The emphasis is mine, the absolute idiocy is Rummy's. I've said this before, and I don't want to say it again, BUT it looks like I have to... would you please, once and for all, RETIRE THAT DAMN LINE! Here's what I said a few months back:

[T]hat over-there-not-over-here line simply has to be put to bed. Done, over, retire the line. Take its license away. It's old, it's used, and it's flat out wrong.

Does anyone, besides 34% 29% of the American people, believe that by us going there, to Iraq, that we are any safer here, at home? Is it not possible that Osama has enough sickos, and more importantly, enough patience to carry out another attack here? Please. Our unprovoked attack, on a mostly defenseless nation, has increased the ire of thousands of middle-of-the-road Muslim men inciting them to take up the fight. We have not been attacked here because we have been lucky, not because we are over there, and certainly not because of George W. Bush.

So, please, enough already. Put that line out to pasture and find another excuse for our illegal invasion of Iraq. Maybe one that sprinkles in the truth. Maybe one that includes the words grudge, hubris, empire and greed.

I can't believe I really had to go through that again. On a Friday no less, with the Mrs. due home any moment. Jeez, now I'm gonna be all surly.

Thanks for nothing Think Progress. You really know how to push my buttons.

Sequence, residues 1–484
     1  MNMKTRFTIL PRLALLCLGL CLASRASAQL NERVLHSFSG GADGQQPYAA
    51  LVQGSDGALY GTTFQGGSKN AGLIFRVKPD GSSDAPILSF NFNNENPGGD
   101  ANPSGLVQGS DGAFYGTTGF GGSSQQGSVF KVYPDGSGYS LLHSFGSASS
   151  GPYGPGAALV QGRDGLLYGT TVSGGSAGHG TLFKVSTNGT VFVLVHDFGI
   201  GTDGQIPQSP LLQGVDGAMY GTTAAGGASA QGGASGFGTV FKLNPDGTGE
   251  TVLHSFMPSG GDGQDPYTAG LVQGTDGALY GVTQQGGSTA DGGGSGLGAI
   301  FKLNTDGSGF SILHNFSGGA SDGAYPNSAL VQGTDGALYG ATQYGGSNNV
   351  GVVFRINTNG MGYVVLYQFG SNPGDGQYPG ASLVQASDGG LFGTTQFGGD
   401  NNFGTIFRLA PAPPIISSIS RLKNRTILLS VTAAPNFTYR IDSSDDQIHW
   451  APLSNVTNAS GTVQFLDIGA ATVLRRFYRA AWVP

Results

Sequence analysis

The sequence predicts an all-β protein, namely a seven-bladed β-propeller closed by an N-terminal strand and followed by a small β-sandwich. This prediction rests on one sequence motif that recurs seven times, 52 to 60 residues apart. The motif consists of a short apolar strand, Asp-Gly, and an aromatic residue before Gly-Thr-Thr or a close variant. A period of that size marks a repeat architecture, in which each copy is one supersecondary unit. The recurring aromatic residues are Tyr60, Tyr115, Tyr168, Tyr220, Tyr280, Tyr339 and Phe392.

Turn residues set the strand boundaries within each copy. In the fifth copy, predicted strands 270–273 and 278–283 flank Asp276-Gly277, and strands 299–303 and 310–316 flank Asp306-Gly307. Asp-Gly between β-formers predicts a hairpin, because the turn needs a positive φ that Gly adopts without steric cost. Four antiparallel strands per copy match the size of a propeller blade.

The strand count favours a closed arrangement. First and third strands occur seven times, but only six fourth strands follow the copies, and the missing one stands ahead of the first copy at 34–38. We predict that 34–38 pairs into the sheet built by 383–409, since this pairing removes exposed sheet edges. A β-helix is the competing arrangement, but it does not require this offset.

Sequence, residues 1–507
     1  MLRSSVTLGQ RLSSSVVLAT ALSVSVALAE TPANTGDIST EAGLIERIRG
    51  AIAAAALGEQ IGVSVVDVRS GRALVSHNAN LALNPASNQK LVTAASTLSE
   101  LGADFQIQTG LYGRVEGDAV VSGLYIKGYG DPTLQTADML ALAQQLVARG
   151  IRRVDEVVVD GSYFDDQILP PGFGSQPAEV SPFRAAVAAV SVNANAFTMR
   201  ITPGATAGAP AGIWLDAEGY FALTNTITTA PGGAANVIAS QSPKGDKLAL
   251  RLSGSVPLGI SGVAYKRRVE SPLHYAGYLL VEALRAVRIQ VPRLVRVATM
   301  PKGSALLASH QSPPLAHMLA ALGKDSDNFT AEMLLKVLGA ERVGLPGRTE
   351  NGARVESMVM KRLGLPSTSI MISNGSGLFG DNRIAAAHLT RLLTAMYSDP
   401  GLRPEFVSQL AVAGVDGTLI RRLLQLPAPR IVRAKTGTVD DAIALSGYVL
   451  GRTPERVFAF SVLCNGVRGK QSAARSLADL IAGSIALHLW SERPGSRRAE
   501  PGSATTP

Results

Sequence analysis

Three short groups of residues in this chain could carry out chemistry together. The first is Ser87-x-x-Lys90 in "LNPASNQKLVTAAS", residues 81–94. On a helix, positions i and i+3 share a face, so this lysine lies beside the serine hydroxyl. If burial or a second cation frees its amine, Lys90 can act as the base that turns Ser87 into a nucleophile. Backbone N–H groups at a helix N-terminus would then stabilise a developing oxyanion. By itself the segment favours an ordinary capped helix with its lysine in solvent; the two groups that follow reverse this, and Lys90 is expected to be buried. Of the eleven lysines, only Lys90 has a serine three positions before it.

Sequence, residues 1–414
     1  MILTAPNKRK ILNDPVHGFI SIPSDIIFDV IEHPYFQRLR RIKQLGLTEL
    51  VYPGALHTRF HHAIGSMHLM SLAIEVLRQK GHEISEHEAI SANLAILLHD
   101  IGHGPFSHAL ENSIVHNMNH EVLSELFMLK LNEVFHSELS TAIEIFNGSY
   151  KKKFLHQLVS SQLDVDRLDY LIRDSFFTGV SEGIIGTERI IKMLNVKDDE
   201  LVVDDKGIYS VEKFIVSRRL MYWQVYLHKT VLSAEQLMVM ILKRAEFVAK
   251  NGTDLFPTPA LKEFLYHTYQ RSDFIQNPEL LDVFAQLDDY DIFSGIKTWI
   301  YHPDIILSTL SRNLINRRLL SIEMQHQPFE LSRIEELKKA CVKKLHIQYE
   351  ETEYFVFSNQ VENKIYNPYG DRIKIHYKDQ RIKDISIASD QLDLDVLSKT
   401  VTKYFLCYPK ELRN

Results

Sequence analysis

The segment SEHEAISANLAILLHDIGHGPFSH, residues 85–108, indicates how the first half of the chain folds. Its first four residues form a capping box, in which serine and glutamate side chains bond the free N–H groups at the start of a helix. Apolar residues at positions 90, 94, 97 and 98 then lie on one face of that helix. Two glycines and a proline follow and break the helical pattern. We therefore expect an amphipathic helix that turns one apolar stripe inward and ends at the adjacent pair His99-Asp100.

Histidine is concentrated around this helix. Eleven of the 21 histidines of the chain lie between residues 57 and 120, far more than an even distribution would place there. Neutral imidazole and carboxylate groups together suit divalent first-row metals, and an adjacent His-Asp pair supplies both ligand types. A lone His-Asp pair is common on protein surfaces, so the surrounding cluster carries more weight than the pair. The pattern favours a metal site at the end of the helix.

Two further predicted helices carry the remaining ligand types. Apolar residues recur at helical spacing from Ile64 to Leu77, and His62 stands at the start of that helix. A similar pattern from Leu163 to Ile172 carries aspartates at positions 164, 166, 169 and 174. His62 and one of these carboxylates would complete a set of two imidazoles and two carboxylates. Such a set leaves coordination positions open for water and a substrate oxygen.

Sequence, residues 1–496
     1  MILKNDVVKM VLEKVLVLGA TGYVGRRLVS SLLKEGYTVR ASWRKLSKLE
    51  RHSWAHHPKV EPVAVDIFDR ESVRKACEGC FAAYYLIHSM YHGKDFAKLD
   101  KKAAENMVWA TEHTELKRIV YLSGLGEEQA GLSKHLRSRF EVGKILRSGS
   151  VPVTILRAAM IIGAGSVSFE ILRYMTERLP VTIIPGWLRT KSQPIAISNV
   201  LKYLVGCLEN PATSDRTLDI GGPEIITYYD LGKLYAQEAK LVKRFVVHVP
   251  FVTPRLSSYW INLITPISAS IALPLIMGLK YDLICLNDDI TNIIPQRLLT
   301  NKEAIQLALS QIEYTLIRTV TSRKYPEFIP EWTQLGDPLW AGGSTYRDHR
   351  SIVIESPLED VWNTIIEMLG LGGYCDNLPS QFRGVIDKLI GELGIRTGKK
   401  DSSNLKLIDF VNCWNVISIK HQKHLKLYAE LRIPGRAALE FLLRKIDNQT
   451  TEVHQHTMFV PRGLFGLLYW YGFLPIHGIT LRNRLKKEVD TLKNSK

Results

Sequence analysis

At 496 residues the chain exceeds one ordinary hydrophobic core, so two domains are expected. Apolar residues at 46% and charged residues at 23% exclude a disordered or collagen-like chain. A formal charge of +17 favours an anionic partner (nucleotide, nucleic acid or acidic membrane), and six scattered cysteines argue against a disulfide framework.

(Cross-posted at State of the Day.)

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Calm before the storm?

By The (liberal)Girl Next Door

It is important that we look ahead to the next big outrage and be prepared to act instead of becoming stunned into silence. It is hard for many of us to believe just how much has happened over the last six years, much of it unprecedented in American history. We’ve had an election decided by the Supreme Court, a pre-emptive war, another election conducted using secret software and where critical votes in Ohio were counted behind closed doors, impeachable crimes committed by a President that Congress refuses to impeach. These are outrageous events, and their impact on democracy has been glossed over by the press, swept under the rug by Congress and simply accepted by the people. There are sure to be more outrageous events to come as Bush finishes out his term and it is our job to first be outraged, and then to act.

What could the next big outrage be? Well, considering that the noose is tightening in the CIA leak investigation, it could be that either Karl Rove or Richard Armitage will be indicted on the underlying charge of outing a covert CIA agent with Dick Cheney and possibly even Bush added as unindicted co-conspirators (this is purely speculation on my part and probably amounts to nothing more than wishful thinking). That would be justice served, but the outrageous part would be if the President and/or Vice President refused to resign and/or the Congress still refused to impeach. Logically we think, “that would never happen,” but with the litany of things we thought would never happen that have already occurred, we should at least prepare ourselves for the possibility.

The CIA leak case is huge. It is being conducted by perhaps the most efficient and dogged prosecutor in the country and it involves the compromise of national security by our own administration and the lies they peddled in an effort to justify their war of choice. It doesn’t get much bigger than that and the trail seems to lead to the very top.